Fisday, November 7.
Saevo mittere cum joco.--Hor.
enter into the Fraternity which they have ridiculed, and to see their Raillery return upon their own Heads. I scarce ever knew a Woman-hater that did not, sooner or later, pay for it Marriage, which is a Blessing to another Man, falls upon such an one as a Judgment Mr. Congreve's Old Batchelor is set forth to us with much Wit and Humour, as an Example of this kind. In short, those who have most distinguished themselves by Railing at the Sex in general, very often make an honourable Amends, by chusing one of the most worth less Persons of it, for a Companion and Yoke-fellow. Hymen takes his Revenge in kind, on those who turn his Mysteries into Ridicule.
My Friend Will. Honeycomb, who was so unmercifully witty upon the Women, in a couple of Letters, which I lately communicated to the Publick, has given the Ladies ample Satisfaction by marrying a Farmer's Daughter; a piece of News which came to our Club by the last Post, The Templer is very positive that he has married a Dairy-maid But Will, in his Letter to me on this Occasion, sets the best Face upon the Matter that he can, and gives a more tollerable account of his Spouse. I must confess I suspected something more than ordinary, when upon opening the Letter I found that Will was fallen off from his former Gayety, having changed Dear Spec, which was his usual Salute at the Beginning of the Letter, into My Worthy Friend, and subscribed himself at the latter End of it at full length William Honeycomb. In short, the gay, the loud, the vain Will Honeycomb,
who had made Love to every great Fortune that has No. 530. appeared in Town for above thirty Years together, and Friday, boasted of Favours from Ladies whom he had never Nov. 4,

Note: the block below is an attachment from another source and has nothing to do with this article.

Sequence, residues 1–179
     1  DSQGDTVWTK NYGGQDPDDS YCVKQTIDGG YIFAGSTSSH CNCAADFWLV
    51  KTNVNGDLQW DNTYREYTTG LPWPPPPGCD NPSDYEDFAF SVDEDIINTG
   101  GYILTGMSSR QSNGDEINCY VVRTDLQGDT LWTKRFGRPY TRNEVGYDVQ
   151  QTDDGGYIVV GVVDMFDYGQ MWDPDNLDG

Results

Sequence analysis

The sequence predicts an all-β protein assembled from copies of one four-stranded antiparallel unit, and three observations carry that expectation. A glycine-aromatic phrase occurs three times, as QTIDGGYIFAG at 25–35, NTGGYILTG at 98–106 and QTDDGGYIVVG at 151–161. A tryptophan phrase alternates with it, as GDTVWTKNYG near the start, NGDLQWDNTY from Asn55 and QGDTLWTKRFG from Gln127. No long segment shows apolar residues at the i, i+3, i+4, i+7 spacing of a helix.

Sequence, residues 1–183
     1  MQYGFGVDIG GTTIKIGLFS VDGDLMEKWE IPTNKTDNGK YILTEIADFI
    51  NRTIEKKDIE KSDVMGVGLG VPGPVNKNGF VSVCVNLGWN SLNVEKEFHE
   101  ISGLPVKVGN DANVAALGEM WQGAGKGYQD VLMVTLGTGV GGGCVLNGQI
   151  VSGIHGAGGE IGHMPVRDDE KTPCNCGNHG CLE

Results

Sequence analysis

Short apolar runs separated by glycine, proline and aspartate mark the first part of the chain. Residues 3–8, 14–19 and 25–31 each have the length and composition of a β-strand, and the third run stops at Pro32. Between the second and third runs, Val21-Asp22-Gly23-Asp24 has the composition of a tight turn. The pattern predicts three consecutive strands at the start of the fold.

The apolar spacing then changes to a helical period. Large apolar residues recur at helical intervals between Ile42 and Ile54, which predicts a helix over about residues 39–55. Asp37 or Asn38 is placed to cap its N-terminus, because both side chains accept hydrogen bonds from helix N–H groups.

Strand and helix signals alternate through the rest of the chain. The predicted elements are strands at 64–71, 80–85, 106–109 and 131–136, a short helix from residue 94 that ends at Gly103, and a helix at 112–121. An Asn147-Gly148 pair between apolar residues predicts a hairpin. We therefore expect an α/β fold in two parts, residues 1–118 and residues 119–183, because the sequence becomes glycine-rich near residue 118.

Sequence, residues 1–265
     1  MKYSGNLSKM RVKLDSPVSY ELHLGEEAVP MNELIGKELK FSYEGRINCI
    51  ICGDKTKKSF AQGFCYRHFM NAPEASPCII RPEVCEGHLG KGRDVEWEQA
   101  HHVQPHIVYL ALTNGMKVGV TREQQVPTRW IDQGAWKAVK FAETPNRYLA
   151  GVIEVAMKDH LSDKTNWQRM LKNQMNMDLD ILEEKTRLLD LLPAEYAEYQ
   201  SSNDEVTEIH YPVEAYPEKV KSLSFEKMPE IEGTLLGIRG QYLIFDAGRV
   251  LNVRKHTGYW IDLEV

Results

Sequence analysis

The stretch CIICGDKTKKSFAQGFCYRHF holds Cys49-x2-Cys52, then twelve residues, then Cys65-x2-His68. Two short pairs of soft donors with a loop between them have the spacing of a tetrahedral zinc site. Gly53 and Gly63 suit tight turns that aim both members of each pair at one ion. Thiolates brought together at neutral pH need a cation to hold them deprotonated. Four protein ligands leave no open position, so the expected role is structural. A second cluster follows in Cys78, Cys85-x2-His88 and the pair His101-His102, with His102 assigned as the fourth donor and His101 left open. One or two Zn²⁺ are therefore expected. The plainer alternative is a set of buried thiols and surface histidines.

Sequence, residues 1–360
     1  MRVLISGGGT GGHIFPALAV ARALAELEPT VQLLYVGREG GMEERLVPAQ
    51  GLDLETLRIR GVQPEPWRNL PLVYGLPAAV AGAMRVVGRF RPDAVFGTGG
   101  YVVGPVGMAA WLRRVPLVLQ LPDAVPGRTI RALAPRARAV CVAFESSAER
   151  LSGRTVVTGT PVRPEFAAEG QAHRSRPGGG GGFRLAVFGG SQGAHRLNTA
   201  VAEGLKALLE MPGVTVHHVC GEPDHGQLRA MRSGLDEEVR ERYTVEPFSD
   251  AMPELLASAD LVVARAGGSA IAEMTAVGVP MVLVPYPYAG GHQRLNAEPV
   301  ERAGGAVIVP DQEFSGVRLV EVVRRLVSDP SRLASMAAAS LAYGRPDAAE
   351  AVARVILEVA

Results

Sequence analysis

1712. seen, is at length wedded to a plain Country Girl.
His Letter gives us the Picture of a converted Rake. The sober Character of the Husband is dashed with the Man of the Town, and enlivened with those little Cant-phrases which have made my Friend Will often though very pretty Company, But let us hear what he says for himself.
My Worthy Friend, I question not but you, and the rest of my Acquaintance, wonder that I, who have lived in the Smoak and Gallantries of the Town for thirty Years together, should all on a sudden grow fond of a Country-life. Had not my Dog of a Steward run away as he did, without making up his Accounts, I had still been immersed in Sin and Sea-Coal. But since my late forced Visit to my Estate, I am so pleased with it, that I am resolved to live and die upon it. I am every Day abroad among my Acres, and can scarce forbear filling my Letter with Breezes, Shades, Flowers, Meadows, and purling Streams. The Simplicity of Manners, which I have heard you so often speak of, and which appears here in Perfection, charms me wonderfully. As an Instance of it, I must acquaint you, and by your means the whole Club, that I have lately married one of my Tenant's Daughters, She is born of honest Parents, and tho' she has no Portion she has a great deal of Virtue. The natural Sweetness and Innocence of her Behaviour, the Fresh ness of her Complection, the unaffected Turn of her Shape and Person, shot me through and through every time I saw her, and did more Execution upon me in Grogram, than the greatest Beauty in Town or Court had ever done in Brocade. In short, she is such an one as promises me a good Heir to my Estate, and if by her means I cannot leave to my Children what are falsely called the Gifts of Birth; high Titles and Alliances: I hope to convey to them the more real and valuable Gifts of Birth; strong Bodies and Healthy Constitutions. As IV.
No. 530. for your fine Women, I need not tell thee that I know Friday, them. I have had my share in their Graces, but no Nov. 7,
more of that. It shall be my. Business hereafter to live 1712.
the Life of an honest Man, and to act as becomes the
and Humble Servant,
WILLIAM HONEYCOMB.' No. 531 [ADDISON.]
Saturday, November 8.
Temperat horis ?
Nec viget quicquam simile aut secundum.-Hor.
what God was, desired a Day's time to consider of it before he made his Reply, When the Day was expired, he desired two Days; and afterwards, instead of returning his Answer, demanded still double the Time to consider of it. This great Poet and Philosopher, the more he contemplated the Nature of the Deity, found